Substantial changes were enacted in 2013 by the Colorado General Assembly HB13-1360.§18-4-401. Theft laws underwent significant changes regarding the dollar value of the stolen item determining the class of offense.  For example, a Class 2 Felony is charged when the value of the stolen item is one million dollars or more.Under 18-4-401(2) Theft is:(b) A  CLASS 1 PETTY OFFENSE    the value of the thing involved is less than $50.00 (c) A  CLASS 3 MISDEMEANOR      the value of the thing involved is $50.00 or more but less than $300.00(d) A  CLASS 2 MISDEMEANOR     the value of the thing involved is $300.00 or more but less than $750.00(e) A  CLASS 1 MISDEMEANOR     the value of the thing involved is $750.00 or more but less than $2,000.00​(f) A  CLASS 6 FELONY if the value of the thing involved is $2,000.00 or more but less than $5,000.00(g) A CLASS 5 FELONY if the value of the thing involved is $5,000.00 or more but less than $20,000.00(h) A CLASS 4 FELONY if the value of the thing involved is $20,000.00 or more but less than $100,000.00(i) A  CLASS 3 FELONY if the value of the thing involved is $100,000.00 or more but less than ONE MILLION DOLLARS(j) A  CLASS 2 FELONY if the value of the thing involved is ONE MILLION DOLLARS or more.

CREDIT CARDS  Street value is a reflection of the purchasing power of a particular credit card. Accordingly, the authorized line of credit on the card or its "floor limit", i.e., the value of a purchase that could be completed without the necessity of obtaining express authorization from the credit card company, is also an objective measure of a card's value.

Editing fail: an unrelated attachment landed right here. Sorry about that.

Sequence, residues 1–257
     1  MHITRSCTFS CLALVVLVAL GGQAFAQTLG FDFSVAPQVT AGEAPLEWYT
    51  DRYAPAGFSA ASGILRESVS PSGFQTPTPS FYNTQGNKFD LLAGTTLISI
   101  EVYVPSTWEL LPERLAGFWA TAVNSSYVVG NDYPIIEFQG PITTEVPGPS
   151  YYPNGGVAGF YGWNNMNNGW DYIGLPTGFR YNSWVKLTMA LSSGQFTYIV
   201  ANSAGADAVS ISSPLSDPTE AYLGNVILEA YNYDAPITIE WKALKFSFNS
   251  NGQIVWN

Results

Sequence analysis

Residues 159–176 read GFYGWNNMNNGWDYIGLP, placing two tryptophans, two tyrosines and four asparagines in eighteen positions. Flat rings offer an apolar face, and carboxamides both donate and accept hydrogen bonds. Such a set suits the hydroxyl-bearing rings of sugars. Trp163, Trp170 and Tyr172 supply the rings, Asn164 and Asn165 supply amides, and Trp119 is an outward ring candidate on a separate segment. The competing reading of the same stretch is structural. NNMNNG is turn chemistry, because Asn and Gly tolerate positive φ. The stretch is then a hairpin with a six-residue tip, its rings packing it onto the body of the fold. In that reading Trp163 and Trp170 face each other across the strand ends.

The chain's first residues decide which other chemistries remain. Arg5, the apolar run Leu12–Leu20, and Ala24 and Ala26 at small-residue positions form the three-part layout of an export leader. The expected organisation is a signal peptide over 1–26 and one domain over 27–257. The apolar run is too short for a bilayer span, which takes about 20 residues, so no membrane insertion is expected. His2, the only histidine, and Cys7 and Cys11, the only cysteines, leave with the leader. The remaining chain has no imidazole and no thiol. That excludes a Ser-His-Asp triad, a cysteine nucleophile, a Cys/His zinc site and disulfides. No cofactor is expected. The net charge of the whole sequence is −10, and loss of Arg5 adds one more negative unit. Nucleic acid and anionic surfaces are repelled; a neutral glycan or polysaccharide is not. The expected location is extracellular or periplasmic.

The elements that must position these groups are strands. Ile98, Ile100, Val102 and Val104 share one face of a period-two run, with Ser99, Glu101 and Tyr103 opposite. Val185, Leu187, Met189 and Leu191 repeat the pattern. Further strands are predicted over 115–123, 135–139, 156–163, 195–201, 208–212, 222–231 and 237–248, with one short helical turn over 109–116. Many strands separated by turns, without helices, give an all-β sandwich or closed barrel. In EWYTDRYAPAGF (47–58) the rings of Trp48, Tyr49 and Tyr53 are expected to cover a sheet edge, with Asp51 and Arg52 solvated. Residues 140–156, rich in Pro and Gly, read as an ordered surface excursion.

People v. Miller, 37 Colo. App. 294, 549 P.2d 1092 (1976), aff'd, 193 Colo. 415, 566 P.2d 1059 (1977).  Rewards offered by the issuer of credit cards for the return of lost or stolen cards may also constitute an objective measure of the value of the card. Evidence of the dollar amount which may be purchased by using the credit card without card company approval provides anobjective means of evaluating the illegitimate market value of credit cards.​​SHOPLIFTING ​Municipal courts handle thecrime of shoplifting of articles of relatively small value, goods not exceeding $100.00 in value.  This type of theft is also handled by state authorities in state courts.  When a defendant allegedly takesarticles valued over $100.00, the ordinance cannot be constitutionally applied to petty theft. Quintana v. Edgewater Municipal Court, 179 Colo. 90, 498 P.2d 931 (1972).  Sometimes a person enters a store to pick up a few items;picks up more items than that person had planned, that person may put some of the items in a coat pocket to avoiddropping the property.  This person likely had the intent to remove the item once at the cash register.  However, store security now has the right to detain that person, call the police, and have that person charged or arrested.​§18-4-406.